Baking bread, a cake, or cookies is one of life’s little pleasures. It gives you a quick sense of satisfaction and it provides you with some very tasty treats. Where do you begin though? We’ve got some great to get you started in the world of home baking.
Ten years ago this week, Google announced the very first Android phone. I picked up that phone when it first came out and now, a decade later, I fired it up again to see how well it held up after all these years.
Amazon Key is the company’s program to let itself into your house. The idea is that you install a smart lock in your home, then let Amazon open it to deliver packages, or send in cleaning people and what have you. Now, they want to extend this access to your car. A new subset of the Amazon Key program would let delivery drivers put stuff in the trunk of your car where it can stay safe.
Before you start worrying that Amazon is going to give every delivery driver full access to your car, there are several caveats. So many that it basically rules out just about everyone:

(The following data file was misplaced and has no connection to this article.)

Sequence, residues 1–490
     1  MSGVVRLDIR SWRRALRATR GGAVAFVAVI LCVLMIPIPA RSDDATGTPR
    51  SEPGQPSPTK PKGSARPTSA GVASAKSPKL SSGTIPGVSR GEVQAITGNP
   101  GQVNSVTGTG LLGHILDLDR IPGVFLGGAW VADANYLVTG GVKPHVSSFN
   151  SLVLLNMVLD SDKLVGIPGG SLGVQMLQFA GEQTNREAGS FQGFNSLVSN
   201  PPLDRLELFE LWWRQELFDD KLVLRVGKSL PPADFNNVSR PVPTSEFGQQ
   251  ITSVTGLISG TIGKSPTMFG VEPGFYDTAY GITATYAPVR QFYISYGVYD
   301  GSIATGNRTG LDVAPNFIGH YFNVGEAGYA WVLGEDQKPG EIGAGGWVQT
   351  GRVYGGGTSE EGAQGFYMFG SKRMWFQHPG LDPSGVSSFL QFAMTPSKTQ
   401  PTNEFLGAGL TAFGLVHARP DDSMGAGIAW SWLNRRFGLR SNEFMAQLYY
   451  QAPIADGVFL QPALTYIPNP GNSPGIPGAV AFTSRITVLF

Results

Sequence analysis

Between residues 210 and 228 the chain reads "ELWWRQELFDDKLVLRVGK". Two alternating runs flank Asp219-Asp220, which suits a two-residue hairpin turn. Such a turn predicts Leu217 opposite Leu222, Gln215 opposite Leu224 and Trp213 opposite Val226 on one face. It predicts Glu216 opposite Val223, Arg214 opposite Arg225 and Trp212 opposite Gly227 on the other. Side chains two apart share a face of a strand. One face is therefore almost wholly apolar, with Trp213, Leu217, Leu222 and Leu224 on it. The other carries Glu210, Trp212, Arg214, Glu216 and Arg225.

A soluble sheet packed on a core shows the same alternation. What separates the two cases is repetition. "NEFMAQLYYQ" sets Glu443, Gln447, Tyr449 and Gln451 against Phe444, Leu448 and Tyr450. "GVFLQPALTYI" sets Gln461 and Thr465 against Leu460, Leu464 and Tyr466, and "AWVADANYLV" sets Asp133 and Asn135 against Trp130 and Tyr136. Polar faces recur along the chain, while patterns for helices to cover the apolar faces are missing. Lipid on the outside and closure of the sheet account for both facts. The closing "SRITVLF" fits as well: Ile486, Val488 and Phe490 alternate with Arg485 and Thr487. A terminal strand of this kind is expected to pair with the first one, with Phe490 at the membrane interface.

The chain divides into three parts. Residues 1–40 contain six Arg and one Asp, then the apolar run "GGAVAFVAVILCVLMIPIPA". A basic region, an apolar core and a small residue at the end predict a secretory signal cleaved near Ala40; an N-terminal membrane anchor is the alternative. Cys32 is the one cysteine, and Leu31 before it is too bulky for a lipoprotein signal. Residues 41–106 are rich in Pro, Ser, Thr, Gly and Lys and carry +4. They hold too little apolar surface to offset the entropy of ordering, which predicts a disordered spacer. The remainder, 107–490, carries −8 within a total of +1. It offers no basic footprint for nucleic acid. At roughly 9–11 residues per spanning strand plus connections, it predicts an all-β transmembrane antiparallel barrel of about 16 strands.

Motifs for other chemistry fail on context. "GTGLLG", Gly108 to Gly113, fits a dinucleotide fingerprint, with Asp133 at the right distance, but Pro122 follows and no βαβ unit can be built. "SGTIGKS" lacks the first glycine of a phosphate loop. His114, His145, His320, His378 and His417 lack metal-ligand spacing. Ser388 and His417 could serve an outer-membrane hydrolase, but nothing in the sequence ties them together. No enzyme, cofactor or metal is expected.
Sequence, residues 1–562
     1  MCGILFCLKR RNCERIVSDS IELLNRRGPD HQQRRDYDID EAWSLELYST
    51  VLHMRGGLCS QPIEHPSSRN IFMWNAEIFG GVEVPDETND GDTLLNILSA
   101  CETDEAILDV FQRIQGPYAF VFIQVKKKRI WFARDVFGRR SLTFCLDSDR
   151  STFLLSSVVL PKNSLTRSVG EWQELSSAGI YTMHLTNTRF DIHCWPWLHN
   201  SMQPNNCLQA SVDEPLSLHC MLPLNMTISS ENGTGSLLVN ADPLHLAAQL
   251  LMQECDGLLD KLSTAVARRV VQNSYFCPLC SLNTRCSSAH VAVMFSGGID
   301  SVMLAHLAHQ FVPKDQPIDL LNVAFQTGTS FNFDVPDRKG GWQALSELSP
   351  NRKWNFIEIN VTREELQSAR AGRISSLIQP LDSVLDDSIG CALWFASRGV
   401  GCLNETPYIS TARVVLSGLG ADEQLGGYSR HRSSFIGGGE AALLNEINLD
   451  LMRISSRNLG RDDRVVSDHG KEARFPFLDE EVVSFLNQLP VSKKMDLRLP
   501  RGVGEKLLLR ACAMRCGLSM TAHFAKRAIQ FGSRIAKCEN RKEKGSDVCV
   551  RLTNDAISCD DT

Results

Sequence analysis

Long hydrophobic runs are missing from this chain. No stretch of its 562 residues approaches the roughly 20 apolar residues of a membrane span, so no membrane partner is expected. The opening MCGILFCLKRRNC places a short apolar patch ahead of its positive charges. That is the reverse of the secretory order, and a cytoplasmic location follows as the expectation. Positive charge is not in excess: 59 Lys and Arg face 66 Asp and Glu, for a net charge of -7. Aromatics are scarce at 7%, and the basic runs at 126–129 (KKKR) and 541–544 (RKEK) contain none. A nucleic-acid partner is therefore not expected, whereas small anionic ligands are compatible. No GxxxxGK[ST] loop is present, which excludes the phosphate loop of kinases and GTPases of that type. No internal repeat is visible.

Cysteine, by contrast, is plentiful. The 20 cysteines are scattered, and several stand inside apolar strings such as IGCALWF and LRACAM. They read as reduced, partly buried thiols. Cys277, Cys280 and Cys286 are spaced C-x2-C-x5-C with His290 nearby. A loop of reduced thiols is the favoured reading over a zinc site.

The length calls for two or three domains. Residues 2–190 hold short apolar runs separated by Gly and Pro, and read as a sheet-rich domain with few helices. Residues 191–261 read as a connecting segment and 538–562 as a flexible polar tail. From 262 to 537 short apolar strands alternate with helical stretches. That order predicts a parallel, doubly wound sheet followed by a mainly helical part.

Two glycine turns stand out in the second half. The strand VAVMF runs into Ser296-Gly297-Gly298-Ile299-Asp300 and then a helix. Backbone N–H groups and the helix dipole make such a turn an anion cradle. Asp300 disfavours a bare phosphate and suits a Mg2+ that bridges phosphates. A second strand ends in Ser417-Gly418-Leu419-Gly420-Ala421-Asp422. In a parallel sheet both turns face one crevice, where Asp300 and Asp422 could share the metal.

You must have a newer GM or Volvo car, from 2015 or later. The tech in these cars will allow Amazon to unlock it remotely.
You’ll need to have an active OnStar or Call (for Volvo owners) account.
The packages you order cannot be any of the following: heavier than 50 pounds, larger than 26 x 21 x 16, cost more than $1,300, be sold by a third-party, or require a signature to deliver.
Your car must be within a certain radius of your work or home address and accessible. Parking lots and garages are fine, but some gated parking may not be deliverable.
That is a lot of fine print, and it also assumes you’re comfortable letting a delivery driver into your car. Currently the program is in a trial phase, so it will likely expand to more vehicles in the future, if Amazon decides it’s worthwhile. For now, it’s one more of Amazon’s experiments to see how far into your personal space they can push in exchange for easier, safer delivery of cheap stuff from the internet.
There’s a lot of factors to consider when selecting a voice-assistant platform but what if your biggest consideration is just how they answer your question? We asked Alexa, Google Assistant, and Siri a bunch of questions and documented the results.